Power, pay and passing the buck

Do non-hierarchical organisations get the best out of employees - or do they create resentment? Roger Trapp reports

Flatter, less hierarchical organisations are supposed to be the answer to many of business's current ills. Knock down the pyramids and give more responsibility to the workers, and you will have bustling centres of customer-directed activity - or so we are led to believe. The truth, though, is often very different.

This is partly because "empowerment" - which goes hand in hand with all this flattening - is widely seen as a new-fangled term for delegation. But there are other reasons why many organisations are seething with resentment and frustration rather than buzzing with motivation and initiative.

According to a recently published study by the Roffey Park Management Institute, Career Development in Flatter Structures, there are serious issues at stake. Employees in flat organisations are often demotivated and thus lacking the morale needed if they are to be responsive and committed.

One factor behind this is that they are not receiving the pay increases that, until recently, they regarded as their entitlement. But there are also signs that the disgruntlement stems from the fact that senior managers often say one thing while doing another.

Linda Holbeche, director of research at West Sussex-based Roffey Park and author of the recent survey, which involved 200 managers from a range of areas, including finance, manufacturing and the public sector, says many British companies have still to develop reward schemes that link pay and benefits to team performances and their contribution to "corporate values". These companies prefer to pay market rates and recognise individuals' short-term performance, but not long-term development.

In addition, companies still tend to reward those who take on new management responsibilities rather than those who gain further technical specialisms, she points out. So it is hardly surprising that employees tend- in Ms Holbeche's words - "to refuse to see lateral progression as anything but demotivating".

A recent report by the Institute of Management, which shows companies failing to match their promise of employee involvement with action, expands on Ms Holbeche's findings. Striking off the Shackles - carried out by the institute with the employee development specialists Blessing White and the London Business School - reveals that many companies which encourage staff feedback only pay lip service to involvement in decision-making.

"The challenge for most organisations is not to decide whether to involve employees more but simply to get on and do it," says the report. Nearly 90 per cent of the 1,100 respondents in IM's survey said their organisations used formal empowerment practices, such as team briefings, suggestion schemes and "design-your-own-job" initiatives, but 30 per cent said there was little employee involvement in decision-making. Senior managers perceive higher levels of employee involvement than actually exist.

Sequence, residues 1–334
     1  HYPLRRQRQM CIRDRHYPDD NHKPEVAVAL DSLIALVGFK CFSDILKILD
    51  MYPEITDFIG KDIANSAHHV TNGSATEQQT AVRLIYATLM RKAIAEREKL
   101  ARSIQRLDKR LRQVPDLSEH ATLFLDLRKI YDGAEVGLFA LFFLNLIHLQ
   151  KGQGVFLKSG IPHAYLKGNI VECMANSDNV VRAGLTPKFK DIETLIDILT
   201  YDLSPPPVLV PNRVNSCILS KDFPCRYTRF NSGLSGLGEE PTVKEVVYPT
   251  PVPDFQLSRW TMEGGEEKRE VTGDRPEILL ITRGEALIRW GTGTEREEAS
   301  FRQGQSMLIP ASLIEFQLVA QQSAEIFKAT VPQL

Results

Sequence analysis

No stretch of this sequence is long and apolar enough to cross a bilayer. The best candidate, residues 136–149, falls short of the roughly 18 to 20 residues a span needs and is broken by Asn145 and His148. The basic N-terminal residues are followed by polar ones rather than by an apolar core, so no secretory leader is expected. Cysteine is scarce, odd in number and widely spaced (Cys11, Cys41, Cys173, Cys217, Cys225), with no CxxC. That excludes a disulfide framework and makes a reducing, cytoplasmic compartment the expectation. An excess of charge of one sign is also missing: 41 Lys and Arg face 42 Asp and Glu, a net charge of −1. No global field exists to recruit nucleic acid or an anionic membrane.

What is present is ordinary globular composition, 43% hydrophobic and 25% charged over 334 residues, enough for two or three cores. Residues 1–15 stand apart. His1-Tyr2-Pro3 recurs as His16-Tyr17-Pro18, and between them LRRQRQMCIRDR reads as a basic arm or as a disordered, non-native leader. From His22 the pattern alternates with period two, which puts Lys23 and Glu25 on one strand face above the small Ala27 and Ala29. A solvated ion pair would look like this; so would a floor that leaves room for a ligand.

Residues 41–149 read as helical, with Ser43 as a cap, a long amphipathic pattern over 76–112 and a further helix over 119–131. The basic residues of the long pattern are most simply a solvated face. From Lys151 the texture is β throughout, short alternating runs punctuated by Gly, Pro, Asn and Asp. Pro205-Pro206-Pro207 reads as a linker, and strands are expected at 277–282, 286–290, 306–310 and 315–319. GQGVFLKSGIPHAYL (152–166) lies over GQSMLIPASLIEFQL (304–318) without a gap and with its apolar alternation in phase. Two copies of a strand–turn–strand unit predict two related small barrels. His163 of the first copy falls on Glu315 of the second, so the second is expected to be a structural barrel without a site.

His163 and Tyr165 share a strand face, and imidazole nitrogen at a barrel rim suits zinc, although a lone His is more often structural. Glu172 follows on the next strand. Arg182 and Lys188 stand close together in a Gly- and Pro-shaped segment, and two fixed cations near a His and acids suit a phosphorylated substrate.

The underlying tone of both surveys is of a creeping cynicism. Given that the continuing pressure on costs means staff numbers are unlikely to rise significantly, however, businesses and their employees must learn to live with the new structural concepts. For the organisations, this means they have to show a commitment to the ideas rather than just leaving them to develop. Ms Holbeche says it is ironic that producing a devolved organisational structure often requires a bit of command-and-control-style force to demonstrate that the organisation is serious about it.

One of the best ways of doing this is to link a substantial chunk of senior managers' pay to the issues that matter rather than adopting old- style incentives that are primarily dependent on the reaching of financial targets. Companies such as Rank Xerox and EDS claim to be seeing clear benefits from such an approach.

But there must also be a change in employees' attitudes. Because delayered organisations lack the management tiers of the old hierarchical structures, people are likely to spend longer in individual roles, says Ms Holbeche. "This has spawned a new 'psychological contract' between organisations and employees that focuses on enhancing employability through increased skills development and greater responsibility, rather than a guarantee of job stability."

It is up to those involved in human resources to design reward and recognition schemes that encourage such development, she adds. Many companies have schemes that reward high sales but fail to take notice of the "backroom" members of the teams who help to make such sales possible and also have to work harder as more sales are achieved.

Implicit in this is the idea of employees doing more for themselves, not expecting the organisation to do it for them. "Employees who successfully adapt to flat-structured organisations have accepted the responsibility of managing their own careers," says Ms Holbeche. "Such employees are architects of change, thriving in a flatter structure by constantly looking for new ways to improve their practices and challenge the status quo.

"These self-empowered individuals are motivated by teamwork and developing broader skills rather than just achieving conventional status. They actively negotiate development opportunities as part of their recruitment package."

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